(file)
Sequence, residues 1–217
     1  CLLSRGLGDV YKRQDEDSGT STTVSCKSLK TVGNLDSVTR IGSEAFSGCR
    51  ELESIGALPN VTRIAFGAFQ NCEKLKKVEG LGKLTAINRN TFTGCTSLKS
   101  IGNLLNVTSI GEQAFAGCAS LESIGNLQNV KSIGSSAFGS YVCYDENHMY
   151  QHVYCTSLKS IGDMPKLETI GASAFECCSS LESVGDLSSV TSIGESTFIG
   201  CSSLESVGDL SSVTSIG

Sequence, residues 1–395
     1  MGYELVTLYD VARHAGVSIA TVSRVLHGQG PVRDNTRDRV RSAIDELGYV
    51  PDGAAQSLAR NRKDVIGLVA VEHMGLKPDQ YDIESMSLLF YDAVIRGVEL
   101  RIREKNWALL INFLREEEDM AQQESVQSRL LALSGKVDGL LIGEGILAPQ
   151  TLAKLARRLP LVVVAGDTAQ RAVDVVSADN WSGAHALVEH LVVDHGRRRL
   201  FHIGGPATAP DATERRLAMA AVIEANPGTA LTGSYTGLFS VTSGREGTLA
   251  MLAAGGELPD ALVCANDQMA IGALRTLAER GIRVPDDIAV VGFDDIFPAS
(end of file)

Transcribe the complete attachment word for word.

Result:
Sequence, residues 1–217
     1  CLLSRGLGDV YKRQDEDSGT STTVSCKSLK TVGNLDSVTR IGSEAFSGCR
    51  ELESIGALPN VTRIAFGAFQ NCEKLKKVEG LGKLTAINRN TFTGCTSLKS
   101  IGNLLNVTSI GEQAFAGCAS LESIGNLQNV KSIGSSAFGS YVCYDENHMY
   151  QHVYCTSLKS IGDMPKLETI GASAFECCSS LESVGDLSSV TSIGESTFIG
   201  CSSLESVGDL SSVTSIG

Sequence, residues 1–395
     1  MGYELVTLYD VARHAGVSIA TVSRVLHGQG PVRDNTRDRV RSAIDELGYV
    51  PDGAAQSLAR NRKDVIGLVA VEHMGLKPDQ YDIESMSLLF YDAVIRGVEL
   101  RIREKNWALL INFLREEEDM AQQESVQSRL LALSGKVDGL LIGEGILAPQ
   151  TLAKLARRLP LVVVAGDTAQ RAVDVVSADN WSGAHALVEH LVVDHGRRRL
   201  FHIGGPATAP DATERRLAMA AVIEANPGTA LTGSYTGLFS VTSGREGTLA
   251  MLAAGGELPD ALVCANDQMA IGALRTLAER GIRVPDDIAV VGFDDIFPAS